Several dead animals found by river

Several dead animals found by river

Five possums and seven ducks have been found dead along the Canning River.

Armadale Gosnells Landcare Group has expressed deep concern following a report by a local Kelmscott resident, revealing the distressing discovery of five dead possums and seven dead ducks along the picturesque Canning River foreshore over the past few weeks.

The group suspects the cause of these deaths is the unintended consequence of residents deploying rat baits that pose a lethal threat to both wildlife and pets.

The Armadale Gosnells Landcare Group emphasises the importance of responsible bait usage, recommending only First-Generation baits containing active ingredients such as sodium chloride, warfarin, coumatetralyl, or diphacinone be used. Examples include Ratsak Naturals (a human and pet safe bait option), Bayer Racumin Rat and Mouse Paste, and Yates RATSAK Double Strength Bait Station. These products, when ingested, are less harmful to both wildlife and pets.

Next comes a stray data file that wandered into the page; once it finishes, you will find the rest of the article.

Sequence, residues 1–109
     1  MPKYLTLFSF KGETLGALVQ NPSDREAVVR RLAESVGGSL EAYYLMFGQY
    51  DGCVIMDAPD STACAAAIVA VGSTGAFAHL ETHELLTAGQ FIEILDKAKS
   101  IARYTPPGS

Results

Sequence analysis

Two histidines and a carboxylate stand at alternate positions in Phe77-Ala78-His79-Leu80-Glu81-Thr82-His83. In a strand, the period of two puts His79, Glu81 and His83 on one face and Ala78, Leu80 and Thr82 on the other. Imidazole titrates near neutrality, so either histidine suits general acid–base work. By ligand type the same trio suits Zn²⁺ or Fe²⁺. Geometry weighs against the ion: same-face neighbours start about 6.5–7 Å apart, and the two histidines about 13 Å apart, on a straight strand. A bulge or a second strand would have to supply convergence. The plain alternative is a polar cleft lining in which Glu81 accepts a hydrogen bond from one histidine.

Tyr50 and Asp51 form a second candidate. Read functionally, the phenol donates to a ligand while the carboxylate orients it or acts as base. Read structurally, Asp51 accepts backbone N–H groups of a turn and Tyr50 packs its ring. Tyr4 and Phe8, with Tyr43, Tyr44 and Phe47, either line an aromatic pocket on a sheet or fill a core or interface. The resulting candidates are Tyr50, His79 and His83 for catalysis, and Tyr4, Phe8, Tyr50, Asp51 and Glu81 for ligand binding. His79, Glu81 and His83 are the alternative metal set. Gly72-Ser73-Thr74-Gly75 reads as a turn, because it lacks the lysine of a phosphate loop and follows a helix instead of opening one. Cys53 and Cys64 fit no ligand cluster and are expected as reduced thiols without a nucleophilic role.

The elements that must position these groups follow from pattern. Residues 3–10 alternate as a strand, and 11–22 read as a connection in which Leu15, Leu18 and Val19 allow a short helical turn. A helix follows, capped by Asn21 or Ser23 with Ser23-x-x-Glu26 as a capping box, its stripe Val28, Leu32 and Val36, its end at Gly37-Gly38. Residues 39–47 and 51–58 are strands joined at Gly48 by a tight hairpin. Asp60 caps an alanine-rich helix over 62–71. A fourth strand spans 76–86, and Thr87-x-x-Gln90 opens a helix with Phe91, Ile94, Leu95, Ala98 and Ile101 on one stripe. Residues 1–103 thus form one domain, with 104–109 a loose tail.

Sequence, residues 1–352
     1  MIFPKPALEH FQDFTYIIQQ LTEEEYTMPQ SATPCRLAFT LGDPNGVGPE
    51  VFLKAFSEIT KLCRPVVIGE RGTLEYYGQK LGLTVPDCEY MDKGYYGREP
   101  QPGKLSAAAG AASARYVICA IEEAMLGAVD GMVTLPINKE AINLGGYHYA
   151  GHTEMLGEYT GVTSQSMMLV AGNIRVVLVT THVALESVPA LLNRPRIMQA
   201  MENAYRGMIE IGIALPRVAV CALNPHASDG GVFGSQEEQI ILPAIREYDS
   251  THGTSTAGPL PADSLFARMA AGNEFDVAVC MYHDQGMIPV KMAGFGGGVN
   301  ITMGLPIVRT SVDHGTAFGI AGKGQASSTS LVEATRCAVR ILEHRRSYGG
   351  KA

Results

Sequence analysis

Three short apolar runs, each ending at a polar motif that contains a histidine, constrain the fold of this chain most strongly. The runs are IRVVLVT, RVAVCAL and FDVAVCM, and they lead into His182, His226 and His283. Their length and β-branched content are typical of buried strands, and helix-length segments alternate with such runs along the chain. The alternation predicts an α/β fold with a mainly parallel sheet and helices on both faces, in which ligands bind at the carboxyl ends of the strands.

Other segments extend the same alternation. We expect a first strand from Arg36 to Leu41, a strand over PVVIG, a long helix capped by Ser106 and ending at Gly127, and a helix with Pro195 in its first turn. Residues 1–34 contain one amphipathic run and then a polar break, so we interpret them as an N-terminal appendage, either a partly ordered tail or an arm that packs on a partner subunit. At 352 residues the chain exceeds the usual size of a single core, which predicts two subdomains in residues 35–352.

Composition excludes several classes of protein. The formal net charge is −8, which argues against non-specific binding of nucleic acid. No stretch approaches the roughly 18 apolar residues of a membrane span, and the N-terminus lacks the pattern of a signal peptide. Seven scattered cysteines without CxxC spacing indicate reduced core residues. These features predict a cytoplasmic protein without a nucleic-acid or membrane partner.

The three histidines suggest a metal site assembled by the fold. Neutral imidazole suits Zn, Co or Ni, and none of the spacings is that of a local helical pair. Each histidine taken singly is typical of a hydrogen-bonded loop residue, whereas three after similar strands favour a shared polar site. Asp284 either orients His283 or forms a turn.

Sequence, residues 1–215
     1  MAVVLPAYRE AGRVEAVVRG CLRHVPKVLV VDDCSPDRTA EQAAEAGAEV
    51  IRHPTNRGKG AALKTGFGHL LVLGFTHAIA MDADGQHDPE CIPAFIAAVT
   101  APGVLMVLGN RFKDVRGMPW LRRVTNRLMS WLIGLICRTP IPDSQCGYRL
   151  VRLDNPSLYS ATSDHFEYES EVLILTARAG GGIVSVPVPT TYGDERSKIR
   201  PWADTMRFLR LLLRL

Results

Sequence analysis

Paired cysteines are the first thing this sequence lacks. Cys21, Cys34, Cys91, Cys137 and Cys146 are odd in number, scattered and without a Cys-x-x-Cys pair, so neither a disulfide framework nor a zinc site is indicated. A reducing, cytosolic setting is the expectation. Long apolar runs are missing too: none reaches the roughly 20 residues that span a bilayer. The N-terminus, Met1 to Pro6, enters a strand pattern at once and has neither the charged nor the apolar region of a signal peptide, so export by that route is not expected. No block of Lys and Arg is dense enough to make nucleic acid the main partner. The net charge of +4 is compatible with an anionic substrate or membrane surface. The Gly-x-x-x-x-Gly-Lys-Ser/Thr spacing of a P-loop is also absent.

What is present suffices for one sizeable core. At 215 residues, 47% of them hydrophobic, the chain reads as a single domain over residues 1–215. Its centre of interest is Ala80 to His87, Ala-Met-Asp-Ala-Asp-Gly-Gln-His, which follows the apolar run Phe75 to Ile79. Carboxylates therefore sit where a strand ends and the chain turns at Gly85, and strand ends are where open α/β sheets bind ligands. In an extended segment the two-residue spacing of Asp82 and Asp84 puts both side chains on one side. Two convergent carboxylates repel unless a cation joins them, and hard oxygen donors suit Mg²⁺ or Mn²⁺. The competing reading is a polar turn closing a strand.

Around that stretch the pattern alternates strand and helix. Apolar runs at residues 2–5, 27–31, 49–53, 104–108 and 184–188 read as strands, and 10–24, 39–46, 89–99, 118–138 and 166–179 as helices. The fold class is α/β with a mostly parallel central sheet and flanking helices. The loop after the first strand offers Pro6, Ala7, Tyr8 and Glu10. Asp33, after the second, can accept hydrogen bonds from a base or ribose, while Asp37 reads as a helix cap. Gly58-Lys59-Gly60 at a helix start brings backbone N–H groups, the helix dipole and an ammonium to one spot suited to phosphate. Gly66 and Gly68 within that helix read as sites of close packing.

The incident has been promptly reported to the Wildlife Protection Branch of the Department of Biodiversity, Conservation and Attractions (DBCA).

Any native animals suspected of poisoning should be taken to Darling Range Wildlife Shelter, or the nearest veterinarian, if still alive.

In the unfortunate event of their demise, efforts should be made to transport the deceased animals to the Department of Primary Industries and Regional Development’s (DPIRD) diagnostic laboratory located at 3 Baron-Hay Court, South Perth.

This proactive step ensures a specific diagnosis is obtained, shedding light on the precise cause of death.

Such information is invaluable in aiding the treatment of any surviving wildlife.

The Armadale Gosnells Landcare Group passionately calls upon all residents to be conscientious about the rat baits they purchase.

This collective plea for responsible and informed pest control aims to safeguard the delicate balance of wildlife along the Canning River foreshore and ensure the preservation of this natural habitat for generations to come.